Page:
CARYLL (CARRELL), John (d.1566), of Warnham, Suss.

Published in The History of Parliament: the House of Commons 1558-1603, ed. P.W. Hasler, 1981
Available from Boydell and Brewer



Mar. 1553
Oct. 1553

Family and Education

1st s. of John Caryll, serjeant-at-law, of Warnham by his 2nd w. Margaret Ellinbridge. educ. I. Temple, resident by July 1522 m. by 1539, Elizabeth, da. of Robert Palmer of Parham, 3s. 1da. suc. fa. 1523.2

Offices Held

Bencher, I. Temple Feb. 1537, Lent reader 1539, 1545, one of 5 auditors Feb. 1551, treasurer 1551-2, gov. Jan. 1559; j.p. Suss. by Mar. 1538, Surr. 1547, q. Surr. and Suss. by 1564; attorney, ct. of first fruits and tenths 1541-June 1543; attorney-gen. duchy of Lancaster 4 Mar. 1544; high steward, barony of Bramber c.1549.3


Caryll was under age when his father died, and his wardship and marriage were granted to two of the executors, his uncle Thomas Caryll and Anthony Fitzherbert, a justice of common pleas. He inherited the family seat at Warnham, but his father left debts, and there were younger brothers and sisters to provide for, so that at first he was not a wealthy man. Following several members of his family into the legal profession, Caryll served on the commission to reform the canon law under Edward VI, and acquired considerable former church property. He retained his appointments throughout the religious changes of 1536 to 1558, and was, by the accession of Elizabeth, a well-known lawyer and a prominent member of the governing body of the Inner Temple. On at least three occasions between 1540 and 1555 he evaded promotion to serjeant, perhaps because he wished to remain a bencher and to be eligible for other legal offices. Before 1559 he had been suggested as a possible master of the rolls or chief justice, and at Elizabeth’s accession Sir Nicholas Throckmorton recommended him as a possible lord chancellor. On 5 Nov. 1559 he was commissioned to hear causes in Chancery during the illness of Sir Nicholas Bacon.4

Thrice elected knight of the shire for Sussex, he had as colleague in 1559 Sir Richard Sackville, another Inner Temple man, and both he and Caryll appear on the list of governors for that year. In the Commons, Caryll was one of those named to draw up a book for the subsidy (31 Jan. 1559) and he was on the committee concerning the validity of writs of summons (30 Jan.) which he reported to the House on 3 Feb.5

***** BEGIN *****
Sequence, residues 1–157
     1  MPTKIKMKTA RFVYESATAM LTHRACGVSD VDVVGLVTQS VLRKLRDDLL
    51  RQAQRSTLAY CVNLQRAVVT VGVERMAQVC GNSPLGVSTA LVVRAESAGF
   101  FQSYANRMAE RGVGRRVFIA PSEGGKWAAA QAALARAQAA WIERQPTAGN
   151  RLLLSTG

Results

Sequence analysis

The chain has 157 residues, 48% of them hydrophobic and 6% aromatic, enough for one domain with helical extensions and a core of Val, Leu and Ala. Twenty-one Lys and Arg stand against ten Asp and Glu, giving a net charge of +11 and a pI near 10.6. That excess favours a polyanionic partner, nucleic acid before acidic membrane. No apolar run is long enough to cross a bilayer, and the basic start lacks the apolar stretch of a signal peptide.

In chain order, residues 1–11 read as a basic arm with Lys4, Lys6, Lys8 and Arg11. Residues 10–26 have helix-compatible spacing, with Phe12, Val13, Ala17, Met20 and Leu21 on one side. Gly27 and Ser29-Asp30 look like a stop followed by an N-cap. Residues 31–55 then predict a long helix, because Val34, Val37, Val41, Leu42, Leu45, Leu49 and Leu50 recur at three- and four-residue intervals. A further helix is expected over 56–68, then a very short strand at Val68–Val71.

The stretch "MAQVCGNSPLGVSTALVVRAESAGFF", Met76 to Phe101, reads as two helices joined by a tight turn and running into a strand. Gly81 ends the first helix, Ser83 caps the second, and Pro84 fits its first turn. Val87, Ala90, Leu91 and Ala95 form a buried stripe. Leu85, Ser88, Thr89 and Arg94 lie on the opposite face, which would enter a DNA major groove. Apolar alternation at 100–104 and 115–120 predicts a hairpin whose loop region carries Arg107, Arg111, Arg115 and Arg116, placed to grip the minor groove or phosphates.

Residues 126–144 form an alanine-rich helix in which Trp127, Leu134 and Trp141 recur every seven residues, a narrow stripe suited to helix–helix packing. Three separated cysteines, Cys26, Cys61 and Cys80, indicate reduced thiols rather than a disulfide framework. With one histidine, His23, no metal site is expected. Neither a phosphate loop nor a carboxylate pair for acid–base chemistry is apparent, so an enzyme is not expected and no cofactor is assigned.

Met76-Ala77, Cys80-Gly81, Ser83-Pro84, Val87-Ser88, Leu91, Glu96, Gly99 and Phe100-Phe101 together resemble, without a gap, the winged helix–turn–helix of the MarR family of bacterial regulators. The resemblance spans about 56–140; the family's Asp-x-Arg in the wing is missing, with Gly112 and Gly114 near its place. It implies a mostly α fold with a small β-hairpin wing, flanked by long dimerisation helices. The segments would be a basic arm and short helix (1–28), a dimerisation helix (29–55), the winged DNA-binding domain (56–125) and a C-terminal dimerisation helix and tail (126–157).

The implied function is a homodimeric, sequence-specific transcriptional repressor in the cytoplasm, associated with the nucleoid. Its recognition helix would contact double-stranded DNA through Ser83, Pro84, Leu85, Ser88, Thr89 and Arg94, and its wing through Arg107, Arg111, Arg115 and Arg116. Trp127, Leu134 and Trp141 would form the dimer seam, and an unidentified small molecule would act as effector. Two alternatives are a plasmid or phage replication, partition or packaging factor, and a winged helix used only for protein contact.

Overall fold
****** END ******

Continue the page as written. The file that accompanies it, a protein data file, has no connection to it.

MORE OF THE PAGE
He died 10 Mar. 1566 in the parish of St. Martin Outwich, London and was buried at Warnham on the 24th of the month. The preamble of his will, made the day before his death, gave detailed instructions about the burial of his ‘wretched and sinful body’. The funeral was to be ‘without pomp or vainglory’; mourning gowns were forbidden; but there were to be ‘deeds of charity’ to the poor and especially to his ‘poor neighbours that labour for their living and strive against poverty’. He was to have a marble or alabaster tomb with an inscription giving his parentage and offices. Charitable legacies amounted to over £100 to the poor and to various churches, and a number of relatives benefited, including the testator’s brother Richard, a London mercer. The executor, Caryll’s second son Edward, was asked to treat his nephew John, the heir to the estates, kindly and not ‘as the wolf useth the lamb’. Robert Keilway, Caryll’s ‘dear and assured friend’, was appointed supervisor. Strype described Caryll as ‘a man famous for his abilities in the law, but a papist’, adding ‘indeed, about this time the lawyers in most eminent places were generally favourers of popery’. Caryll’s family retained allegiance to the old religion, becoming well-known Sussex recusants.6

Ref Volumes: 1558-1603

Author: J.E.M.


  • 1. Constituency unknown.
  • 2. PCC 10 Bodfelde, 34 Stonard; Suss. Arch. Colls. xxxiii. 177.
  • 3. F. A. Inderwick, Masters of Bench of I. Temple, 8; LP Hen. VIII, xiii(1), p. 244; xvi. p. 275; Somerville, Duchy, i. 408; Suss. Arch. Colls. xiii. 126.
  • 4. PCC 10 Bodfelde; LP Hen. VIII, iv(1), p. 196; xvii. p. 214; E. W. Ives ‘Some aspects of the legal profession in the late Fifteenth and Sixteenth Centuries’ (London Univ. PhD thesis 1955), P. 209; Foss, Judges, 231; Strype, Eccles. Mems. ii(1), p. 524; Cranmer, i. 388; APC, v. 338; EHR, lxv. 95; CPR, 1548-9, p. 219; Suss. Rec. Soc. xxxvi. 7-22.
  • 5. CJ, i. 53, 54; D’Ewes, 44.
  • 6. C142/143/28; PCC 34 Stonard; Strype, Annals, i(2), p. 195.